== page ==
Of course, before returning them to service, any trucks that have been repaired after significant chassis damage and/or replacement of suspension or steering linkage components should be checked for proper alignment.
Methods Of Truck Alignment
It is also important to understand the several different approaches used by manufacturers of alignment equipment. There are at least three approaches to truck alignment and, while each can provide satisfactory results, most service providers find the best results by choosing one and accumulating experience on only that type of equipment.
The first approach is to align axles and other wheel-end components to the chassis centerline, established either physically or theoretically. A second, and newer, approach aligns all axle wheel-ends to one another, so that tire scrub is minimized, and straight-ahead travel is assured with a minimum of tire scrub. This requires fitting sensors to each axle-end and checking these points relative to one another. This free-body approach is favored by some for current-generation trucks.
A third approach is the tried and true, but very labor intensive, procedure of physical measurements: plumb bob drops and frame-based cross measuring referenced to a documented level surface. Because of the training and experience required to assure accuracy, such methods are usually reserved for collision repair and truck chassis modification experts.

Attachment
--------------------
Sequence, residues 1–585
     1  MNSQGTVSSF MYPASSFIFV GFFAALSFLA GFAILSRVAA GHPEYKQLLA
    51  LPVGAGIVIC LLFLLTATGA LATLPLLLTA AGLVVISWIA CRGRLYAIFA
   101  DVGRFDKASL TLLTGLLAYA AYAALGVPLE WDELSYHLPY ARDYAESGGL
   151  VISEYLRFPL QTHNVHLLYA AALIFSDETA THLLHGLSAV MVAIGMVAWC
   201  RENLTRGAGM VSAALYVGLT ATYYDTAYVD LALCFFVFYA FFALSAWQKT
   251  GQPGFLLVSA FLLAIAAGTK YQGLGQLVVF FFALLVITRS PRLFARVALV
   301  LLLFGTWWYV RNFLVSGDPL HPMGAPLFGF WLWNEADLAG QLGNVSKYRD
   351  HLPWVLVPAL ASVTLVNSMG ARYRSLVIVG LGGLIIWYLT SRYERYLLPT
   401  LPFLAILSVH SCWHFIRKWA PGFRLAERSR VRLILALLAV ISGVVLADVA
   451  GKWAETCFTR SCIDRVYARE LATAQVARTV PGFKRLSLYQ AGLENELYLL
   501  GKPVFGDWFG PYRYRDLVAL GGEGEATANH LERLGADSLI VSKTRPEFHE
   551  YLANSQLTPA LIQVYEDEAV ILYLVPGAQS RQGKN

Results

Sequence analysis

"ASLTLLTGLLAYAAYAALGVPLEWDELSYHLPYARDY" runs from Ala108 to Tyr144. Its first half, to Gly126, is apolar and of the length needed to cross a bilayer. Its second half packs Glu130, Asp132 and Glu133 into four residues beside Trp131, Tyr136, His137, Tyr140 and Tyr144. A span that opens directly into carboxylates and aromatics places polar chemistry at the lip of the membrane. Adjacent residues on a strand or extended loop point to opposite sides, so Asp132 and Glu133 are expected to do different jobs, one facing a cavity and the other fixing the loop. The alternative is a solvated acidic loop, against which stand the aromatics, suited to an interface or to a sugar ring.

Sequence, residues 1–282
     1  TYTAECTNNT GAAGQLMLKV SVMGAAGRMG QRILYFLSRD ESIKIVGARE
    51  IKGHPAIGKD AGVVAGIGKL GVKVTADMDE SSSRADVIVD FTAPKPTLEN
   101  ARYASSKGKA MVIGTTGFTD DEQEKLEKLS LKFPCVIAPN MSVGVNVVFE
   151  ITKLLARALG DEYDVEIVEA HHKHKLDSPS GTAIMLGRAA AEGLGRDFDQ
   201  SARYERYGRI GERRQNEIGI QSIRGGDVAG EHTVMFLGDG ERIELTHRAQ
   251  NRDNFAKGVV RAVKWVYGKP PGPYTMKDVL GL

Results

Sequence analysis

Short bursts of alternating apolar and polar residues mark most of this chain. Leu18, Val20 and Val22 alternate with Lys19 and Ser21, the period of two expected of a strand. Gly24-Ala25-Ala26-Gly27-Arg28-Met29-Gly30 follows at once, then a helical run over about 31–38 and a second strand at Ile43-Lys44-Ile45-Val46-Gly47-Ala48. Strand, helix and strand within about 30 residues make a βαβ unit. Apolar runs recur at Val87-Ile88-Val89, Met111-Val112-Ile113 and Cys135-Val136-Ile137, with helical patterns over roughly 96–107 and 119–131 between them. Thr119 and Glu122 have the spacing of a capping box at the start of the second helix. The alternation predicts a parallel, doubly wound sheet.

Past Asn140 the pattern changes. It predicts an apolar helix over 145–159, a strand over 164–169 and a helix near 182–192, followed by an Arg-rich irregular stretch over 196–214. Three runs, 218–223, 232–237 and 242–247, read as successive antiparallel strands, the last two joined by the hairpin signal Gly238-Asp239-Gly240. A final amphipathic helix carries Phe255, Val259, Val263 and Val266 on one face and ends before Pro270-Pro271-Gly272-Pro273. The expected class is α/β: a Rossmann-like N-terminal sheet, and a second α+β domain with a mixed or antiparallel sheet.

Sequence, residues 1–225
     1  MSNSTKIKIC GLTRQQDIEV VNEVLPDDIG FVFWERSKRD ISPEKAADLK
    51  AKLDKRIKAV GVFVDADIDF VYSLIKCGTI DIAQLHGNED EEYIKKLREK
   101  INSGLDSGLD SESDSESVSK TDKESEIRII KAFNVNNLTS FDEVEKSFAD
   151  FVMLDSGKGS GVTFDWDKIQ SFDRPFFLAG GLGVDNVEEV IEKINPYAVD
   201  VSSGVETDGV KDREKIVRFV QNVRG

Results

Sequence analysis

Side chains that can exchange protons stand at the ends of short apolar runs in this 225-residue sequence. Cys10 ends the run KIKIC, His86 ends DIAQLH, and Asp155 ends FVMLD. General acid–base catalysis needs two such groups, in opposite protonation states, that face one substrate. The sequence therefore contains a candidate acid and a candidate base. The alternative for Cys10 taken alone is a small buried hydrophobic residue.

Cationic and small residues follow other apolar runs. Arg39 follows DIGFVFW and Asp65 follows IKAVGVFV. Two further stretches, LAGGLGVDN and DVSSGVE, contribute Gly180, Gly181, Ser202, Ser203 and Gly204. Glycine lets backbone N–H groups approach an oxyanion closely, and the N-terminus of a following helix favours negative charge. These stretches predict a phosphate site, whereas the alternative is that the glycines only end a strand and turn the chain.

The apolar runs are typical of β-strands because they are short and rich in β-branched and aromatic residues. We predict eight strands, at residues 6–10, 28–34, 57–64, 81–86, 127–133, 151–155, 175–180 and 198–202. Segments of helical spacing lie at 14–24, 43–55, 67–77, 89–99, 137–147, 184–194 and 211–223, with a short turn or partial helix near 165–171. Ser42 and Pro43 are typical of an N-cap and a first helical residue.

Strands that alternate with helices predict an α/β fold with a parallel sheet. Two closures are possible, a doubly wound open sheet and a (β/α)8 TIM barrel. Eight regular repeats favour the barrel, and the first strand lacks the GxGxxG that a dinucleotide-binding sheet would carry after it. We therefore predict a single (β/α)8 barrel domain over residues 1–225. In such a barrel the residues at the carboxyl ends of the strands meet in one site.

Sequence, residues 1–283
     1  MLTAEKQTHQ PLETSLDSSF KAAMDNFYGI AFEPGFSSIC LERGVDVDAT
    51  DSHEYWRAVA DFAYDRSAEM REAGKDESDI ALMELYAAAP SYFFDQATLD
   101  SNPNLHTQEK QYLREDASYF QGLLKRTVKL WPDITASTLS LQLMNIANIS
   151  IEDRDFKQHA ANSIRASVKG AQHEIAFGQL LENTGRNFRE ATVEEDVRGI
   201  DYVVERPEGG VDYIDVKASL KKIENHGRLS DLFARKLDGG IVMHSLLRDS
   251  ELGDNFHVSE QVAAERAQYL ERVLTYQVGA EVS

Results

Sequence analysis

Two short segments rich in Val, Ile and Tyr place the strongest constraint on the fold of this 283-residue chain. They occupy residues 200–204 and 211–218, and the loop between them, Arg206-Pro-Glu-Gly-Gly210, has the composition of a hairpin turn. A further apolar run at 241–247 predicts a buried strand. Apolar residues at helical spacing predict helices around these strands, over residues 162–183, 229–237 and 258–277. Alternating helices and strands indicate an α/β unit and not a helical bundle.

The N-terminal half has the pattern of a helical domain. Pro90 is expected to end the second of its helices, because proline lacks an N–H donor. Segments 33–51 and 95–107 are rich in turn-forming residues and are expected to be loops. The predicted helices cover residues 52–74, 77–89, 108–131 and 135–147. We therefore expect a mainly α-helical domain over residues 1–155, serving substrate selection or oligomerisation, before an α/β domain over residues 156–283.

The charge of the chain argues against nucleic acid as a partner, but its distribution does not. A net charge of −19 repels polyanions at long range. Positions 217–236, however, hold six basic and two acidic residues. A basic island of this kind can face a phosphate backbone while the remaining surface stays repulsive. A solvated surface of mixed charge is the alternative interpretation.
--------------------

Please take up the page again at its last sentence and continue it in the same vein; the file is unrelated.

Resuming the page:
Most experienced fleet operators agree it is wise to choose one approach to alignment checking/setting and to establish a data-based reference that relates known settings to truck handling and tire wear issues.
One other important consideration is that changes in truck wheelbase, configuration (single vs. tandem drive, for example), suspension type, driveline torque levels, and other such variables can affect the relationship between measured alignment settings and their effect on truck handling and tire wear. Alignment equipment companies and tire company field engineers are valuable resources for technician training in diagnosing and correcting alignment-related issues.
Commercial Dealer Challenges
It appears that a growing number of well-managed fleets are taking a more measured approach when answering the question: “How often should I align my trucks?” Rather than basing the frequency on an arbitrary fixed mileage or elapsed time interval, the answer is becoming: “whenever they need alignment, based on a schedule of knowledgeable observation and service record review.”
Taking that approach is more cost-effective, will please more drivers and will free up valuable resources for other tasks, a far better choice vs. routinely running a large number of trucks through the alignment process.
With fleet customers investing alignment time, labor and parts into only those vehicles requiring attention, you, as a service provider, should ensure that your technicians are properly trained. And, they should be trained, not only in alignment procedures, but also in the skills of relating tire wear and handling complaints to the specific variables needing attention.
The earlier these cause-and-effect detections can be accomplished, the greater value and cost savings you will be delivering to your fleet customer. This should also enhance your credibility and long-term customer relationships.
And don’t fret. Any diminished volume of traditionally scheduled alignment work should be more than offset with added alignment work resulting from a growing reputation as a true “expert” in this often complex segment of your servicing business.